Royal Academy of Engineering, 2016.

A report informed by a workshop discussing the impact of Storm Desmond 2015.

Key Points:

  • Storm Desmond brought unprecedented flooding to North Lancashire and Cumbria and parts of central Lancaster.
  • At 22.45 05/12/15 electricity supplies to 61,000 properties were cut, by 04.30 07/12/15 electricity was progressively restored but then cut again, by 11/12/15 the situation returned to normal.
  • Vulnerability of other systems:
    • Power loss affected many other services that people take for granted e.g. mobile phone services, internet, landline, payment systems, ATMs.
  • Households, business and transport:
    • Households were affected through loss of lighting and electrical appliances.
    • Many houses lost heating, both gas and electric.
    • Loss of food.
    • Elevators and water supply affected in high rise buildings.
    • Loss of electricity affected all forms of business activity, e.g. unable to process payments.
    • Trains could run normally, but stations were shut for safety reasons.
    • Bus routes affected due to flooding, and no traffic lights worked, and service stations couldn’t pump fuel.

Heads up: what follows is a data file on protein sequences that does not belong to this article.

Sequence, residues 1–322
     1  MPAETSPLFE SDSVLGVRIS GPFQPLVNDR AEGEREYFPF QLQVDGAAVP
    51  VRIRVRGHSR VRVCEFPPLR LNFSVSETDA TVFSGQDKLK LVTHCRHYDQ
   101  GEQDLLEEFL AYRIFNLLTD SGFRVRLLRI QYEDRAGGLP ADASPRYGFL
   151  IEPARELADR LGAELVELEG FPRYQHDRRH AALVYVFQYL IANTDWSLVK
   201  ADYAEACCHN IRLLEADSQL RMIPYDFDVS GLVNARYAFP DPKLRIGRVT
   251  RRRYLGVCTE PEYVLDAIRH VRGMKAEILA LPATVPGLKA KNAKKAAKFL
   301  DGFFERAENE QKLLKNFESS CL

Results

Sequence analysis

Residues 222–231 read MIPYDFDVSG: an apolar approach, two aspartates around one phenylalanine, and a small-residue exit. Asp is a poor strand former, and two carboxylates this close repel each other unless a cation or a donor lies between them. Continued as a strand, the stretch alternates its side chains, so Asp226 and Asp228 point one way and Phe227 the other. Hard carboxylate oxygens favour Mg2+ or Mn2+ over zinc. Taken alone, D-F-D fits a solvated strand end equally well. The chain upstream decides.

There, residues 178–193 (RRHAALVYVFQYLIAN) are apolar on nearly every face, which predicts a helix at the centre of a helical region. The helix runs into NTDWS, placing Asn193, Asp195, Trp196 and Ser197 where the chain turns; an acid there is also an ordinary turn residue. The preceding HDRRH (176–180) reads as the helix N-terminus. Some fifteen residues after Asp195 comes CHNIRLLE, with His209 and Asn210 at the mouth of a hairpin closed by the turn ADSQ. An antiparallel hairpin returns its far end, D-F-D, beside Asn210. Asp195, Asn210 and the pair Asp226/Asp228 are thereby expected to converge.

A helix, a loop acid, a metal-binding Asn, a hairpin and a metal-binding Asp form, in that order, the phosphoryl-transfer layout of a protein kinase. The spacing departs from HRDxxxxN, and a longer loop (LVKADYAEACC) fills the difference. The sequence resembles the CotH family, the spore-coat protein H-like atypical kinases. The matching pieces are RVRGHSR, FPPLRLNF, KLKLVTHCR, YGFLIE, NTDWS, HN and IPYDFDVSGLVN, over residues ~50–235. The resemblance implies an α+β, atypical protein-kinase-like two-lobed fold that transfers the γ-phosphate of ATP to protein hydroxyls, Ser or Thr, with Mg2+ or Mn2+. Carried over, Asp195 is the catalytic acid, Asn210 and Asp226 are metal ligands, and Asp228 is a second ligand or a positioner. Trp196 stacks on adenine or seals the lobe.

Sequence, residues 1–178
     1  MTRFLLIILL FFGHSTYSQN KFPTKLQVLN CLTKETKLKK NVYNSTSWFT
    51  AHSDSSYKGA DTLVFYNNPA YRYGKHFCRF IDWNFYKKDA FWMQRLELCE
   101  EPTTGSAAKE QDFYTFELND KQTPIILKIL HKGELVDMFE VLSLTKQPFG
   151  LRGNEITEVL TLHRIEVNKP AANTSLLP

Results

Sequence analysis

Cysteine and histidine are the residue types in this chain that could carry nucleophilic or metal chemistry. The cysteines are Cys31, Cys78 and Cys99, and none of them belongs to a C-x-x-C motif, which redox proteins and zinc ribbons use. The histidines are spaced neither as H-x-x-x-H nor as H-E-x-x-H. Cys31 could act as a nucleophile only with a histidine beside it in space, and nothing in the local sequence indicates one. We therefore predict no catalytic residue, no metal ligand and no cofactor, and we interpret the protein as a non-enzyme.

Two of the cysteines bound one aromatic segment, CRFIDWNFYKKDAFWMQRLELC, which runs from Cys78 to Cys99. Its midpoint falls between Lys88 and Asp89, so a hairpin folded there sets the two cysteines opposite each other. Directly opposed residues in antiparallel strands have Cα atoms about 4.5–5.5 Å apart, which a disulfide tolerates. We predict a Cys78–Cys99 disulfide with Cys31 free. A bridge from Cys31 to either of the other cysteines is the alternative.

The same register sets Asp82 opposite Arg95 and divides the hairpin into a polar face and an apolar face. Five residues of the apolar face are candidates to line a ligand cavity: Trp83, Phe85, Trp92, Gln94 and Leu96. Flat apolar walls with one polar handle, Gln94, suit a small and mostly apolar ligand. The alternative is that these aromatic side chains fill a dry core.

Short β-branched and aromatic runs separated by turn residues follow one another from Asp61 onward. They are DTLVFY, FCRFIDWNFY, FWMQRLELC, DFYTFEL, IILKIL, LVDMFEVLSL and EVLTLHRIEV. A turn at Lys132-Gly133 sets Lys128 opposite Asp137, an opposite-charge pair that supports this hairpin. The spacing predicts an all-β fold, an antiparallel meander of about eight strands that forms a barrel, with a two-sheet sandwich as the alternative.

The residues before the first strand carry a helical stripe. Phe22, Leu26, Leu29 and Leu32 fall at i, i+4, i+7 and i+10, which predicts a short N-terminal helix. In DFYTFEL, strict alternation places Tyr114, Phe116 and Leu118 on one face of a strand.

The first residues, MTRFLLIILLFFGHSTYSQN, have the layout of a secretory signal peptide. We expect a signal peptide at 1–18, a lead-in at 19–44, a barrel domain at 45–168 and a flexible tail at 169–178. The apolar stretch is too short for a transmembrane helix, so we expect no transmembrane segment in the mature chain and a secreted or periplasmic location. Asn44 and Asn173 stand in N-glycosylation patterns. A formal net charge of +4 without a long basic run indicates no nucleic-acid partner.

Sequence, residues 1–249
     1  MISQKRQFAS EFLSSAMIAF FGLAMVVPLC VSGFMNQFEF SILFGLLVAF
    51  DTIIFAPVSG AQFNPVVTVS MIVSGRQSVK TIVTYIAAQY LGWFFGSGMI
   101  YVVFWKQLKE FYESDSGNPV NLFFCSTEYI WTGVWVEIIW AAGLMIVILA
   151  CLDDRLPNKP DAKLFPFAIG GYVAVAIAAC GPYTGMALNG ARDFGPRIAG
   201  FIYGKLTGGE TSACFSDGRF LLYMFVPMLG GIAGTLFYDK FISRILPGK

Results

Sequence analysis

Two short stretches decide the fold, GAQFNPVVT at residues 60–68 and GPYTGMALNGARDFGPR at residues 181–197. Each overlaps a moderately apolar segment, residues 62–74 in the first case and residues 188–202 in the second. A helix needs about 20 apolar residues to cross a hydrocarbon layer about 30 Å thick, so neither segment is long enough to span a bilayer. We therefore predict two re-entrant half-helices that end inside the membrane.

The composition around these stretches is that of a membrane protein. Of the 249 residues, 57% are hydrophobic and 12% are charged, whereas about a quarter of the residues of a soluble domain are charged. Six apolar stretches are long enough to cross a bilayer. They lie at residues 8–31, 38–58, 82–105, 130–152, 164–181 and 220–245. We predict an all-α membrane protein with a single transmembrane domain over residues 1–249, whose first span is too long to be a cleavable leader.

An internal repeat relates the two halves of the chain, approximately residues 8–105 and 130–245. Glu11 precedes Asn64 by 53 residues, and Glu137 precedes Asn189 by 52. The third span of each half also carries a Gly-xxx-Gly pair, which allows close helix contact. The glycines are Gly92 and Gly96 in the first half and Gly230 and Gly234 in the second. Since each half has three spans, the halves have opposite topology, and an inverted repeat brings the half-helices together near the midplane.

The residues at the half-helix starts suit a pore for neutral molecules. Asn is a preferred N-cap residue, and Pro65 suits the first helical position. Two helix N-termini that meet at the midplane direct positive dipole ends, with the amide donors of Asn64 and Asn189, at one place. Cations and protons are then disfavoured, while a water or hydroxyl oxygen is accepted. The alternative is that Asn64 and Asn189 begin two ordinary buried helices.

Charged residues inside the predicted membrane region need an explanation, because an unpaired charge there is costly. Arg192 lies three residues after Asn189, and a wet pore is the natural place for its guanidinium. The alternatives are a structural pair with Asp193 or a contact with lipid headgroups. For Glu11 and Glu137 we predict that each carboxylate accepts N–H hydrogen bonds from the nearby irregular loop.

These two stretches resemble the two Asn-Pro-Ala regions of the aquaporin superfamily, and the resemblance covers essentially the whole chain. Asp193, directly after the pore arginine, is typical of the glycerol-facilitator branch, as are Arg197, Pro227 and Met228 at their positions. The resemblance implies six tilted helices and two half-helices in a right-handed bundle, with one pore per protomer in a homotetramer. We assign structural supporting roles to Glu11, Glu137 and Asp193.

• Impact on the community:
    • Many didn’t know what was happening other than looking out of their windows.
    • Communication was seriously affected; many households had transitioned to digital communication formats which were unsustainable in a power outage with no contingency battery supply.
    • Vulnerable groups, care homes and those reliant on electrically powered medical appliances were more seriously affected.
  • Lessons:
    • Raises the question of who’s responsibility is it to ensure resilience to such circumstances: individual, municipal, service provider, etc?
    • Society is moving towards greater dependency on the internet and there is a great need to remind ourselves that the internet is powered by electricity.
    • Businesses need to work out how they could be affected by the loss of electricity and how they could increase their resilience.
    • The move towards renewable electricity and a bi-directional network is a step in the right direction, but potentially exposes society to unforeseen risks which may not have been fully analysed.